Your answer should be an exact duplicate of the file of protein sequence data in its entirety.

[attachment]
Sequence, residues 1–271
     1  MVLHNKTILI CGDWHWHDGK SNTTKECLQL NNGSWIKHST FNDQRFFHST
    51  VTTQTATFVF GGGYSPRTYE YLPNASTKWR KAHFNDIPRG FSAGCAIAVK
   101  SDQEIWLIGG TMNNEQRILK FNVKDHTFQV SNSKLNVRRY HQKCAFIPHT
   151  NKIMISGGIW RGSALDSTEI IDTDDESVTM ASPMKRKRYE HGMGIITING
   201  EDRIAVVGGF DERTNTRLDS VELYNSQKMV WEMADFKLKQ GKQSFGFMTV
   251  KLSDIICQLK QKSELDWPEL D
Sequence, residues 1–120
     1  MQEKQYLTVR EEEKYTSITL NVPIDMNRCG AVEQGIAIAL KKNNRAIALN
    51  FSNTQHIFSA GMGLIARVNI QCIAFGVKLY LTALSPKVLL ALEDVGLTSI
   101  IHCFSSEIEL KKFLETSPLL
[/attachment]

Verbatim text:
Sequence, residues 1–271
     1  MVLHNKTILI CGDWHWHDGK SNTTKECLQL NNGSWIKHST FNDQRFFHST
    51  VTTQTATFVF GGGYSPRTYE YLPNASTKWR KAHFNDIPRG FSAGCAIAVK
   101  SDQEIWLIGG TMNNEQRILK FNVKDHTFQV SNSKLNVRRY HQKCAFIPHT
   151  NKIMISGGIW RGSALDSTEI IDTDDESVTM ASPMKRKRYE HGMGIITING
   201  EDRIAVVGGF DERTNTRLDS VELYNSQKMV WEMADFKLKQ GKQSFGFMTV
   251  KLSDIICQLK QKSELDWPEL D
Sequence, residues 1–120
     1  MQEKQYLTVR EEEKYTSITL NVPIDMNRCG AVEQGIAIAL KKNNRAIALN
    51  FSNTQHIFSA GMGLIARVNI QCIAFGVKLY LTALSPKVLL ALEDVGLTSI
   101  IHCFSSEIEL KKFLETSPLL